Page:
Breed and genotype [1]

The various types and breeds of sheep present in Australia are well described elsewhere (see
Recommended Reading). In short, Merinos dominate the national sheep flock, making up
about 90%. Merinos are considered a wool-producing breed with limited suitability as a meat
sheep, although there has been recent interest in exploiting the meat characteristics of the
strong wool South Australian Merino, particularly in light of the consistently low prices paid for
broad wool at wool sales. Approximately 7% of the national flock is Border-Leicester Merino
crossbred ewes, which are the preferred type used as prime lamb dams. Sheep of other
breeds are not numerous but some of these breeds are very important as prime lamb sires,
particularly Poll Dorsets, Suffolks and Texels. There are some pure-breeds considered dual-
purpose (meat and wool) and the Corriedale is the most populous of these in Australia. A
discussion about the breed characteristics and the factors which make some breeds and
genotypes more suitable for particular environments is beyond the scope of this text, but is
essential knowledge for veterinarians working with sheep.
Production objective

Production objectives vary between farms within districts and between districts but, in
commercial Merino flocks [2], the chief objective is to maximize income from the sale of wool.
Nevertheless, additional income is derived from the sale of surplus sheep. Some Merino
properties join a portion of the ewe flock to Border Leicester rams, so then income from wool
is supplemented by the sale of prime or unfinished crossbred lambs and crossbred ewe
lambs or hoggets. On prime-lamb properties the chief objective is to maximize income from
the sale of prime lambs, however significant income is derived from the sale of crossbred
wool and cast-for-age (CFA) ewes. In stud flocks and other ram-breeding flocks, the
production objectives different in emphasis from commercial flocks.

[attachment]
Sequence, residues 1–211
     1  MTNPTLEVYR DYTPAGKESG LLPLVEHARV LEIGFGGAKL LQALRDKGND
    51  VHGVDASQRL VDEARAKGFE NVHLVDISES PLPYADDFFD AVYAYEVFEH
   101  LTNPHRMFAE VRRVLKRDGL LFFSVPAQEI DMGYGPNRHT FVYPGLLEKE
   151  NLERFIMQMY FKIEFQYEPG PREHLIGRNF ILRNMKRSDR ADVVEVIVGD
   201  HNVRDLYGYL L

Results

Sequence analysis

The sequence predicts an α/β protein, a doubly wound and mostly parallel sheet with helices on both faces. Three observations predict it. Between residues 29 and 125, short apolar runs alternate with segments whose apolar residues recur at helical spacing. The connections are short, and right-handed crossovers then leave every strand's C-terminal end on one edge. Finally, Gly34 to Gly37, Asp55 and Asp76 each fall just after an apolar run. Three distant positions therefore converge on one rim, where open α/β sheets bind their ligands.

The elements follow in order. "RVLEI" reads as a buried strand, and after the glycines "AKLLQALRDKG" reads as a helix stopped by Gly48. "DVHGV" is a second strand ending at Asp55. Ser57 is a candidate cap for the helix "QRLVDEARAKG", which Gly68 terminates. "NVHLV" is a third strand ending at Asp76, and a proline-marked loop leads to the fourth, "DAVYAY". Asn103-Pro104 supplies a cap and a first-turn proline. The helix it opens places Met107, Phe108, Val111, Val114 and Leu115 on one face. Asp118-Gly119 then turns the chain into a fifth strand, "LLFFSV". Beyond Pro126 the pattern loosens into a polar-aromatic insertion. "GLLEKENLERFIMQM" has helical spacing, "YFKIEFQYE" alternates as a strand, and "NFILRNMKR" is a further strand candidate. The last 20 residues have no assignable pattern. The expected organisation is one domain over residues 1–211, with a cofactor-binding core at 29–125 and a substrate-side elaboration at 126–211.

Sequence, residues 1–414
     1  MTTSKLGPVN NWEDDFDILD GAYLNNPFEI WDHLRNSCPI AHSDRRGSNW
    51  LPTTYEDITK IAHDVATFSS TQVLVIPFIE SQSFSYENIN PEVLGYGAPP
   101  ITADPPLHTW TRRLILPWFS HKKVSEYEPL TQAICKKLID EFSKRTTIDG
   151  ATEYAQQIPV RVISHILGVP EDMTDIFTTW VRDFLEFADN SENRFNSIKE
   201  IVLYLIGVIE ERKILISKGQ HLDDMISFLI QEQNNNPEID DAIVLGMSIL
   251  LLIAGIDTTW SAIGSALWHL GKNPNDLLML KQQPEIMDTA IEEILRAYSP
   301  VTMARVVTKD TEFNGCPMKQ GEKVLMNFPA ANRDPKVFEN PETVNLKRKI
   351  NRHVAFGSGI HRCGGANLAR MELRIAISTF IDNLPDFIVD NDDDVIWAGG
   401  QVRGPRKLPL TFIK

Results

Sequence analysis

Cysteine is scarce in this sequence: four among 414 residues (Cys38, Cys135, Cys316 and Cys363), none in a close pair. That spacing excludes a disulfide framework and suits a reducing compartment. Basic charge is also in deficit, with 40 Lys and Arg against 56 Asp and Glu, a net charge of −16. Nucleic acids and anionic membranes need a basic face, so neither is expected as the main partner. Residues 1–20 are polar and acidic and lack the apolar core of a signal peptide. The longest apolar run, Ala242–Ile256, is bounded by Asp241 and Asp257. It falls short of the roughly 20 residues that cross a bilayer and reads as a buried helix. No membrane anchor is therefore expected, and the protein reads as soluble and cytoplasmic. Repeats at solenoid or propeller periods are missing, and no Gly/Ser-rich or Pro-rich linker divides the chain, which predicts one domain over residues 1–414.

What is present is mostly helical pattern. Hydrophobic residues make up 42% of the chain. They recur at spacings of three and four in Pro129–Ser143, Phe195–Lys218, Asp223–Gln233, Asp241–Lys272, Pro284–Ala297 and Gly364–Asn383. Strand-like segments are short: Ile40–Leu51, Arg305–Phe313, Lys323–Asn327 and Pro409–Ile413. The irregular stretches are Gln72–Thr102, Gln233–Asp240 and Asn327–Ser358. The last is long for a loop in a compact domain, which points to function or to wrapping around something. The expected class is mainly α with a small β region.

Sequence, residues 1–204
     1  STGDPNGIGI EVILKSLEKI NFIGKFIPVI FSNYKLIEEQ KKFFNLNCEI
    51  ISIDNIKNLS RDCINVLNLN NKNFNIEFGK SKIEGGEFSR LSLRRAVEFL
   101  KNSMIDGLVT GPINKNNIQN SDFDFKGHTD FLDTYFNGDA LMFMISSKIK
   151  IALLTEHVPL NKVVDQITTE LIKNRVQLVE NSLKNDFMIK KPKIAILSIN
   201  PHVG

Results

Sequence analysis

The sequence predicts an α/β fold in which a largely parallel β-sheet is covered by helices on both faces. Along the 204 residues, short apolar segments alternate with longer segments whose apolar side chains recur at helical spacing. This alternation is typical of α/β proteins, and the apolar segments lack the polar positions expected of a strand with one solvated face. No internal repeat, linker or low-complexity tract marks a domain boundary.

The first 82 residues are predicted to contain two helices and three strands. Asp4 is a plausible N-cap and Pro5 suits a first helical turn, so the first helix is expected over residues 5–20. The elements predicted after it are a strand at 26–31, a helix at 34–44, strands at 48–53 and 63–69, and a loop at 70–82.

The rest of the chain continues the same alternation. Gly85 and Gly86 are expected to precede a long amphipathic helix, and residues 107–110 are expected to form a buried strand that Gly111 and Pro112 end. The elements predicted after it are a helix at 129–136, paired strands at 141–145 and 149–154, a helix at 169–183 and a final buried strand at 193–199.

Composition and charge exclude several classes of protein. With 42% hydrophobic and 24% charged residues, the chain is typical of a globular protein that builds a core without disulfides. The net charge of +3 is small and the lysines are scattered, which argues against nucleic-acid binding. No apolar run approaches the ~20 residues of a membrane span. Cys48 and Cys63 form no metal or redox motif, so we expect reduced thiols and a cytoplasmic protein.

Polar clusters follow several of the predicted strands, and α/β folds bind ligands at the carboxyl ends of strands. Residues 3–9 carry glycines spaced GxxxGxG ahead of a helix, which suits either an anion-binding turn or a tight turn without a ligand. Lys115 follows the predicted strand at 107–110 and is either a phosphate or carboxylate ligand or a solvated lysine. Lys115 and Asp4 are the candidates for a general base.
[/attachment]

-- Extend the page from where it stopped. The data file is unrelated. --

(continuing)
Flock structure and stocking rate

Flock structure and stocking rate will be examined in later chapters. It remains now in this
introduction to consider the management calendar.

Farm management calendars

The timing of major sheep husbandry and management events on farms (the farm
management calendar) is important information to veterinarians for three reasons. First, the
timing of events may be an important predisposing factor to outbreaks of disease. The
clearest examples of this are the relationship between the time of lambing and the incidence
of pregnancy toxaemia in ewes; and the incidence of nutrition related disease in recently
weaned lambs. Second, preventive medicine strategies, like drenching, vaccinating or footrot
control, should be integrated with other management events which require mustering, to save
time and labour for the farm operator. Third, the timing of particular management strategies
can have implications for total farm productivity unrelated to occurrences of disease. This
latter area is generally not considered the role of the general practitioner but forms a
significant part of the activities of sheep specialist veterinarians.
Management calendars depend on whether the farm is a non-breeding or breeding
enterprise. The optimisation of the management calendar for a particular farm depends on the
production objective and is complex, being influenced by environmental, disease and
economic considerations. On non-breeding farms, the key decision is when to shear. On
breeding properties the key decision is when to join, followed by when to shear. The timing of
most other husbandry practices will be related to these key decisions.

Non-breeding flocks

On non-breeding properties, the sheep husbandry practices include some or all of the

• (a) shearing and wool classing

• (b) dipping or the use of ' pour ons'
• (c) crutching
• (d) jetting
• (e) drenching
• (f) foot paring and bathing
• (g) vaccination
• (h) purchase and disposal of sheep

A sample calendar for a farm in western NSW running strong-wool (.24μ) Merino wethers only
is shown in Table 1.1.

Table 1.1 : Hypothetical management calendar for a non-breeding flock

Practice Time Comments

Shearing May - September Why not in
the warmer months?